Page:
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Pharma giants face off at 2019 ASCO meeting; child enrollment in Medicaid drops


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Essential IR Insights Newsletter - Summer July-August 2023


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Pharma giants face off at 2019 ASCO meeting; child enrollment in Medicaid drops

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Merck & Co. presents more clinical trial data on blockbuster immunotherapy drug Keytruda at the 2019 Annual Meeting of the American Society of Clinical Oncology.

Source: Merck & Co. Inc.

Merck & Co. Inc.'s Keytruda and Bristol-Myers Squibb Co.'s Opdivo are locked in a five-year battle for dominance of the cancer market.

At the 2019 Annual Meeting of the American Society of Clinical Oncology that ran from May 31 to June 4, the two pharma giants presented the latest research from their ongoing efforts to discover what their respective drugs can do in the cancer sector.

Both drugs have racked up U.S. Food and Drug Administration nods since their original approvals in 2014. Keytruda holds the lead with approval in the U.S. for 19 separate indications — including expanded and combination treatments — while Opdivo has 15.

Keytruda's drastic lead has come about only recently: Since August 2018, Keytruda has picked up seven new uses in cancer, while Opdivo has been stagnant on the regulatory front.

Both immuno-oncology drugs work by triggering the immune system to attack cancer cells by inhibiting the PD-1 arm of healthy cells, which in turn prevents the corresponding PD-L1 arm of cancer cells from latching to the healthy cells. They are called immune checkpoint inhibitors.

Lung cancer has been a mainstay for both treatments, with Keytruda holding the edge, but at ASCO, a wide array of clinical trial results were highlighted. Our reporter previews the stakes for both pharma giants.

Story: Merck and Bristol-Myers face off at ASCO meeting

Chart of the week

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Must read

Child enrollment in Medicaid programs sees largest drop since 2000, study finds

Child enrollment in Medicaid programs dropped by 828,129 in 2018, the highest year-over-year decline in enrollment since at least 2000, according to a new study from Georgetown University's Center for Children and Families.

Technology disruption in healthcare to put more power in consumer's hands

Deloitte Life Sciences and Healthcare Strategy Principal Neal Batra discussed disruptions to the pharmaceutical business model and the democratization of healthcare through technology and data.

Physician burnout costing US economy $4.6B annually, study finds

Previously thought to be primarily an ethical issue, a new study suggests that physician burnout costs the U.S. economy approximately $4.6 billion every year due to turnover rates and reduced clinical hours.

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In Of Mice Not Men this week, we explore a possible link between
scratching the skin and food allergies, and other preclinical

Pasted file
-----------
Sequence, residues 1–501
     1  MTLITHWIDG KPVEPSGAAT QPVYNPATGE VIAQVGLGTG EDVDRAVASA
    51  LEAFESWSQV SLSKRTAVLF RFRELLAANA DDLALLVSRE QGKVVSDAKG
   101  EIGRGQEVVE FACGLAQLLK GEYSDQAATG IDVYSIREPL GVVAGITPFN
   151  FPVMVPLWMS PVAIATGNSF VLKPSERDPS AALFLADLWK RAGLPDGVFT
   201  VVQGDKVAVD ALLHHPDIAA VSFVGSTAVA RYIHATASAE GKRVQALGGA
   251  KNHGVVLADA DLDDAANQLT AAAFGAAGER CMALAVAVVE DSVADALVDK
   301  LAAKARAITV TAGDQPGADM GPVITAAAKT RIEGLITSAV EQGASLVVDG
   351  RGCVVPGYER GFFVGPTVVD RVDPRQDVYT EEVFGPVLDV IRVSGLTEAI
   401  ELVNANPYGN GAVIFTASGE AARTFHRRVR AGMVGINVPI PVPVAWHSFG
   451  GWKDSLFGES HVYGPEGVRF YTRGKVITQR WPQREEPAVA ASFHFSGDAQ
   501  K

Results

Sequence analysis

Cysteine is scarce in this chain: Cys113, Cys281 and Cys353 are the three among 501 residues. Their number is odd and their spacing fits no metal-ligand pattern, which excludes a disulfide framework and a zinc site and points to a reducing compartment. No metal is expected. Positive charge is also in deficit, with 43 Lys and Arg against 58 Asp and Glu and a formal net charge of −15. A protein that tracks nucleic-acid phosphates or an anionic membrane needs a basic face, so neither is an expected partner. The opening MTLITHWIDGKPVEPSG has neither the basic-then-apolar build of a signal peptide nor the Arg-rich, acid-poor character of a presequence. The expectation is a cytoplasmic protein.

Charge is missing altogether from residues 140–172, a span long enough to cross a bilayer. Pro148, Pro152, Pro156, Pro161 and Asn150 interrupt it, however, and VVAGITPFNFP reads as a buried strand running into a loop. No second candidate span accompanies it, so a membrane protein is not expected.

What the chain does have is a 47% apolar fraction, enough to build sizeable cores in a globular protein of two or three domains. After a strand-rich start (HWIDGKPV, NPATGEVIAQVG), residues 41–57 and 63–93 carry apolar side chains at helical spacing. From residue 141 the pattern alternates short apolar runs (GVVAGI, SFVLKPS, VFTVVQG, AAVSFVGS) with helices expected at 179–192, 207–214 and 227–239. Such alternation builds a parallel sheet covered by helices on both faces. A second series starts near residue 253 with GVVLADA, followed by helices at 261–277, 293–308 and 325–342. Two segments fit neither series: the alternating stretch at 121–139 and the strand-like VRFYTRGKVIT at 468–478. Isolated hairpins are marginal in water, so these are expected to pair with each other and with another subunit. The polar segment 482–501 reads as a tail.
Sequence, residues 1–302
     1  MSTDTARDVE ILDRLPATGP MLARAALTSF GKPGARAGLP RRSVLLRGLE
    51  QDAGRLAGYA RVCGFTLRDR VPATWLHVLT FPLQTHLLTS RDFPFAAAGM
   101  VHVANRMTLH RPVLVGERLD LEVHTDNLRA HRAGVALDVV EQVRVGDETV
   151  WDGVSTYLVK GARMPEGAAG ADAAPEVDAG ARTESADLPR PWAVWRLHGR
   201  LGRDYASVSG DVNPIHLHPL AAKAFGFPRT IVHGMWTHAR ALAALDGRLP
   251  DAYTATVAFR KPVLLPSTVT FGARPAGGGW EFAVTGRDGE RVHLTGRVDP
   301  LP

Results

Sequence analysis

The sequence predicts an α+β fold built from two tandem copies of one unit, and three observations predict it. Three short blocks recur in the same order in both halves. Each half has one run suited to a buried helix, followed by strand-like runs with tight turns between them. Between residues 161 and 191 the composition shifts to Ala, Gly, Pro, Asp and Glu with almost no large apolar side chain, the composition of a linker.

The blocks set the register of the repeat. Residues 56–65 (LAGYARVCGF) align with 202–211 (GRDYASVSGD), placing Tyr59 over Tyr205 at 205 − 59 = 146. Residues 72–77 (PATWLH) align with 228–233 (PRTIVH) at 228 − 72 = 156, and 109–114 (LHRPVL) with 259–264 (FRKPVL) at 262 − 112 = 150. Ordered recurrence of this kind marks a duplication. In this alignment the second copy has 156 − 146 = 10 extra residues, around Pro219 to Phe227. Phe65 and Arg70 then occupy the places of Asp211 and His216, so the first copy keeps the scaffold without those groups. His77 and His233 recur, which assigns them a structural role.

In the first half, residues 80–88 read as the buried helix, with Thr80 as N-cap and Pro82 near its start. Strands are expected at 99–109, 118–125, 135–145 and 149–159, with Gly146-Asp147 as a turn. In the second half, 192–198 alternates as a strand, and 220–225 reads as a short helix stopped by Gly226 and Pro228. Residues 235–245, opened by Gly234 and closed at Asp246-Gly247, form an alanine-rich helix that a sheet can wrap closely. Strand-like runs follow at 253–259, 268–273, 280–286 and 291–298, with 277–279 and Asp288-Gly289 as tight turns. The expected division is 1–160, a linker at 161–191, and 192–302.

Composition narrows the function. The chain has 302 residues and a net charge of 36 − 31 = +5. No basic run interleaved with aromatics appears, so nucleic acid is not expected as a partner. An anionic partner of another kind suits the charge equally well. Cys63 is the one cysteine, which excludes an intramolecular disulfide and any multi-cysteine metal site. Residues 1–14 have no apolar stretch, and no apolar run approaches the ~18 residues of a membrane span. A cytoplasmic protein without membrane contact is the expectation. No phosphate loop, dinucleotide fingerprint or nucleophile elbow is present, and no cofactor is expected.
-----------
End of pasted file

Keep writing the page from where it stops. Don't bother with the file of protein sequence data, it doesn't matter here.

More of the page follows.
medical studies on Down syndrome and depression.
Source: File photo

Of Mice not Men: An itchy chain reaction; Down syndrome genes; ketamine and depression

Researchers have discovered a possible link between scratching the skin and food allergies, scientists believe targeting a gene could usher in a new Down syndrome treatment, and ketamine could keep depression symptoms from coming back.

Novartis' gene therapy for rare infant disease to compete with Biogen's Spinraza

Another win for gene therapy with the approval of Novartis AG's spinal muscular atrophy treatment Zolgensma will likely pose a threat to the disease's only other approved treatment, Biogen Inc.'s Spinraza, but carries a hefty price tag.

In other news

Health Canada bans certain Allergan breast implants due to cancer risk

Canada's public health regulator has banned Allergan PLC's Biocell breast implants after a safety review found an increased risk of cancer in patients who have the implants.

Pfizer's Lyrica fails to reduce seizure frequency in late-stage study

Pfizer Inc. said its drug Lyrica failed to reduce the frequency of seizures in certain epilepsy patients during a late-stage study.

WeDoctor plans pre-IPO placement, estimates entity value at $10B

Tencent Holdings Ltd.-backed We Doctor Holdings Ltd. will arrange a pre-IPO placement for the entire unit before the end of this year, co-founder Zhang Xiaochun told S&P Global Market Intelligence.

BioMarin's gene therapy for hemophilia reduced bleeding by 96% over 3 years

BioMarin Pharmaceutical Inc. provided three-year data on the performance of its gene therapy treatment for severe hemophilia A, which demonstrated a 96% reduction in bleeding over the time period and continued to improve factor VIII levels in patients.

Mallinckrodt to spin off specialty generics unit, rename specialty brands group

Mallinckrodt PLC is spinning off its specialty generics and active pharmaceutical ingredients business to its shareholders.

Essential Healthcare is a weekly collection of critical developments across the pharmaceutical, biotechnology, healthcare provider, healthcare technology and medical equipment industries that draws on exclusive analysis and value-added content from the Healthcare News team at S&P Global Market Intelligence. Subscribe now to get Essential Healthcare delivered to your inbox every week.